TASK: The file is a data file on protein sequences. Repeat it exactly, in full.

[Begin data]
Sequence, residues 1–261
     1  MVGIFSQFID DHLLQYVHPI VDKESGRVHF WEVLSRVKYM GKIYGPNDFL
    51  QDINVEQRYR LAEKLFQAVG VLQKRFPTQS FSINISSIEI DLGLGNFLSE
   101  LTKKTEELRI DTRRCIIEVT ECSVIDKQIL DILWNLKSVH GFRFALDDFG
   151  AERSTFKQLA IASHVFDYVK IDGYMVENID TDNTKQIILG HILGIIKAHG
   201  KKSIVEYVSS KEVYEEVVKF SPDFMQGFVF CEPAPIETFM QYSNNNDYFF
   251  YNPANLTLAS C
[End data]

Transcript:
Sequence, residues 1–261
     1  MVGIFSQFID DHLLQYVHPI VDKESGRVHF WEVLSRVKYM GKIYGPNDFL
    51  QDINVEQRYR LAEKLFQAVG VLQKRFPTQS FSINISSIEI DLGLGNFLSE
   101  LTKKTEELRI DTRRCIIEVT ECSVIDKQIL DILWNLKSVH GFRFALDDFG
   151  AERSTFKQLA IASHVFDYVK IDGYMVENID TDNTKQIILG HILGIIKAHG
   201  KKSIVEYVSS KEVYEEVVKF SPDFMQGFVF CEPAPIETFM QYSNNNDYFF
   251  YNPANLTLAS C